|Buying office supplies used to be a pretty casual affair; the length of time it took often depended not so much on the distance from the office, as on how much else could be crammed into the trip. If the delegated purchaser got excited about cute new pens or the latest desk accessories, it could have become a pricey little outing for the company, in more ways than one. Time is money, and, there’s a cost involved in having even the most junior staff member away from the workplace.
But as business owners and managers become more focused on how those costs add up, purchasing office supplies frequently bypasses the high street and goes straight to the computer. Just go online with the supplier of choice, click on the necessary boxes, and look forward to delivery the following day. Easy as.
“More than half our business is done electronically and that’s grown consistently over the last ten years. There are potentially less people available in small businesses to do that kind of running around,” says Kevin Obern, MD, OfficeMax NZ. “Ordering online makes good use of their time.”
Obern says they actively promote purchasing online; “the convenience, how it saves time and ultimately money.”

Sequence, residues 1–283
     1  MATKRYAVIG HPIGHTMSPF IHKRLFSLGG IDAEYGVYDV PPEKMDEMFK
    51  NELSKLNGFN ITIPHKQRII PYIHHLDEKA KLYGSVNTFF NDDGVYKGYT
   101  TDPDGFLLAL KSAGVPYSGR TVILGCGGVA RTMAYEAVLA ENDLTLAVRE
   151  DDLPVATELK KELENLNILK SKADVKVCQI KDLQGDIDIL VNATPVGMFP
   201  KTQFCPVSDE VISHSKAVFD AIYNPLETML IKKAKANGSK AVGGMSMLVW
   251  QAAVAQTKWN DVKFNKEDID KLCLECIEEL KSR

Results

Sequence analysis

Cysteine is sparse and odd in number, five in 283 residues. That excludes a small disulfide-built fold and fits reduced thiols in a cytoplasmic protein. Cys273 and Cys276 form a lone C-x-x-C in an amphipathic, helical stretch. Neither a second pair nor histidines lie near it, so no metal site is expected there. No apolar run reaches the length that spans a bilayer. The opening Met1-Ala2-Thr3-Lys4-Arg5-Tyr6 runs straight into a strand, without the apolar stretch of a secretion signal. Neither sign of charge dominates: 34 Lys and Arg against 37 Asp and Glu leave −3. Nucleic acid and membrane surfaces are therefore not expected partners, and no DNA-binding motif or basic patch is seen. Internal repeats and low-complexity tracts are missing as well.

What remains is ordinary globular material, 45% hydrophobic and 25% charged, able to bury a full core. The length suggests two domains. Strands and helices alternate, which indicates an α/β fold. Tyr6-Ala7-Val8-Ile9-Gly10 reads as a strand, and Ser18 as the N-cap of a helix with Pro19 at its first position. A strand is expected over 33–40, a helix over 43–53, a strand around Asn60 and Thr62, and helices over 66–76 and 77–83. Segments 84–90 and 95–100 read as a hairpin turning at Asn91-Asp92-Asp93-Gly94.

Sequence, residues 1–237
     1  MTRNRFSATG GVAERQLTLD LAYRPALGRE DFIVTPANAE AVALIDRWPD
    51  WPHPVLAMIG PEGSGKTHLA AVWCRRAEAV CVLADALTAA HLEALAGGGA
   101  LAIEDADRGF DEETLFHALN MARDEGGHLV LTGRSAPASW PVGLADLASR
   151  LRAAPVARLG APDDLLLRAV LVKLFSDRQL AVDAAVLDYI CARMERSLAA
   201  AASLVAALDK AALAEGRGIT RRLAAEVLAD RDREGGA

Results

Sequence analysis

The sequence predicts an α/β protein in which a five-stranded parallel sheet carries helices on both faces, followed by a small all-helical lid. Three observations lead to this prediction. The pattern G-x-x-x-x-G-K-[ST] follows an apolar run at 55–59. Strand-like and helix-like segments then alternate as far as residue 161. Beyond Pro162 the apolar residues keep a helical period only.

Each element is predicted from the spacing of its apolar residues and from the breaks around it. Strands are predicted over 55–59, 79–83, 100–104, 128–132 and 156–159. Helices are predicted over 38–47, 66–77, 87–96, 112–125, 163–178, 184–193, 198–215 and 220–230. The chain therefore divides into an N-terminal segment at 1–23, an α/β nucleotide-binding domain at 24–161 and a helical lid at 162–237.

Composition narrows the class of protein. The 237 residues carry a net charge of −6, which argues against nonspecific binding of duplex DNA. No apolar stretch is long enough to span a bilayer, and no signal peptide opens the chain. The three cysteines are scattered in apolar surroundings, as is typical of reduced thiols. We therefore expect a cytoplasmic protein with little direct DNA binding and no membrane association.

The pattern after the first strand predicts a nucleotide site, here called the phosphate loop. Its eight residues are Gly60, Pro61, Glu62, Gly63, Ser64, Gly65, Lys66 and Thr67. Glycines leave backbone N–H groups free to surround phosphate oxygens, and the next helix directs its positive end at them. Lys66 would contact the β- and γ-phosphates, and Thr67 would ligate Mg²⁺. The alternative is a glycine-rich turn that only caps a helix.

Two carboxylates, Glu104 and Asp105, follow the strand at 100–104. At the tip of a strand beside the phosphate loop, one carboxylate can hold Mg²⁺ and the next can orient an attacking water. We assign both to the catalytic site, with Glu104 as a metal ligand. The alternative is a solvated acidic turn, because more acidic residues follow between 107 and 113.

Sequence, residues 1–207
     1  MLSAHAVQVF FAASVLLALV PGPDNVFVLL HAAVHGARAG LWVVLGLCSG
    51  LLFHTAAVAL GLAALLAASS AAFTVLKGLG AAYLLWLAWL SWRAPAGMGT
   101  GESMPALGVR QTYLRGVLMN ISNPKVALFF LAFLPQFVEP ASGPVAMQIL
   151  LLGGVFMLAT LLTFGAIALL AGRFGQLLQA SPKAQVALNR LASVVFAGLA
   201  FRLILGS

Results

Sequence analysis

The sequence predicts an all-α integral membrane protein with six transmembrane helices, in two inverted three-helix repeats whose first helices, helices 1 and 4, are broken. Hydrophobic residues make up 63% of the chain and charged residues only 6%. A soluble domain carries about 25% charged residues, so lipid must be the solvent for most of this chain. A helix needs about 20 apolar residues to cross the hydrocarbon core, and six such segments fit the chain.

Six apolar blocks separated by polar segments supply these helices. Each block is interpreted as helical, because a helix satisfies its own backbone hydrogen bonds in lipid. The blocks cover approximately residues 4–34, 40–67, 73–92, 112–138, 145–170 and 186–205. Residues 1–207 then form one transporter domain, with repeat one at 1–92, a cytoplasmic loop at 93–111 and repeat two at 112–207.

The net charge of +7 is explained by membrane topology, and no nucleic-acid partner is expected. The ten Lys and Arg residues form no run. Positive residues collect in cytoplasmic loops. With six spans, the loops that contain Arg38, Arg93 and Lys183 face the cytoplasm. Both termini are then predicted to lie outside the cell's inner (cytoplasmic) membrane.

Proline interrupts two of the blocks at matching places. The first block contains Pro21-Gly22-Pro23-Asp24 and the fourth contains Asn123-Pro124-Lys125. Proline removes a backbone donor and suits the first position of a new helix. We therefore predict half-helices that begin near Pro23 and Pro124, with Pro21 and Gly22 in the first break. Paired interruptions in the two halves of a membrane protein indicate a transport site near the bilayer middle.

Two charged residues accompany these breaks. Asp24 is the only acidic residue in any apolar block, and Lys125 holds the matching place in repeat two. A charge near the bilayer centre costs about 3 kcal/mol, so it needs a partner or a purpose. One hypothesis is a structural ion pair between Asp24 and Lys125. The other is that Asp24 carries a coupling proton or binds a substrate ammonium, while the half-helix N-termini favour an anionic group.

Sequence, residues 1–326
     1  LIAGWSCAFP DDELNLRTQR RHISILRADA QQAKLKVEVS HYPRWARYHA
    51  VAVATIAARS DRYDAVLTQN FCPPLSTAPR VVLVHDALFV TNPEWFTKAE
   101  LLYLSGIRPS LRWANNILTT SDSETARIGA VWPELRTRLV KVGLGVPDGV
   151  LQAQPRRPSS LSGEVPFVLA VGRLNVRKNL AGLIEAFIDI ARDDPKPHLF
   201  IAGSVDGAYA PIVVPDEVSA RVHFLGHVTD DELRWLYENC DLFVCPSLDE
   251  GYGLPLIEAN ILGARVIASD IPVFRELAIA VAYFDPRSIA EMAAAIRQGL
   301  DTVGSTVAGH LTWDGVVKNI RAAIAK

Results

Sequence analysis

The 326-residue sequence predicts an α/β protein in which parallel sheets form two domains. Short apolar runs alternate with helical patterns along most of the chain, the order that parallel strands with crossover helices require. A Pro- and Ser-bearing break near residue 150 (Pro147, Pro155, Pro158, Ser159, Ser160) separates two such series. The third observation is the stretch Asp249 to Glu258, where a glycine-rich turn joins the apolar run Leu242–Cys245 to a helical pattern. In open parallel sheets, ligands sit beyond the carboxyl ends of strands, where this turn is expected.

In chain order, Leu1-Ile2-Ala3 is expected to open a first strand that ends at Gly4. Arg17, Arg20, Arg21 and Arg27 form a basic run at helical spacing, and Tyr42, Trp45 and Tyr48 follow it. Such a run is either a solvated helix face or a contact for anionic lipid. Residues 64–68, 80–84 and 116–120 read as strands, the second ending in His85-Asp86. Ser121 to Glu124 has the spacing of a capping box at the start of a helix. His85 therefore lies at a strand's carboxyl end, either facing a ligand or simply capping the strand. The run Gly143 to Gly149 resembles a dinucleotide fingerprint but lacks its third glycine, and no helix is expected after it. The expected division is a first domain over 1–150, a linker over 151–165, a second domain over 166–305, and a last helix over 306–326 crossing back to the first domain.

At Corporate Express approximately 75 percent of transactions are online and growing across the board, says executive general manager Brian Rosenberg. “Our 24/7 NetXpress service is particularly suited to smaller enterprises, where admin work is often done during the weekend.”
And at Warehouse Stationery, Des Flynn, GM marketing and business development, says online ordering has grown around 20 percent in the past four years with recent developments making it even easier for customers to buy online.
“We’ve recently installed a new and improved search functionality, and have been focusing on the response speed of each page.”
Online ordering is not new, it’s been available for a number of years – but they’ve seen real growth over the past decade, says Dianne McAteer, CEO at Office Products Depot. However, she says, there is still a large chunk of their customer base that prefers personal contact and help sourcing specific requirements, which shopping online will never be able to deliver. “We continue to encourage our customers to use the online functionality for general orders but will never demand it; the personal touch is one of our greatest strengths.”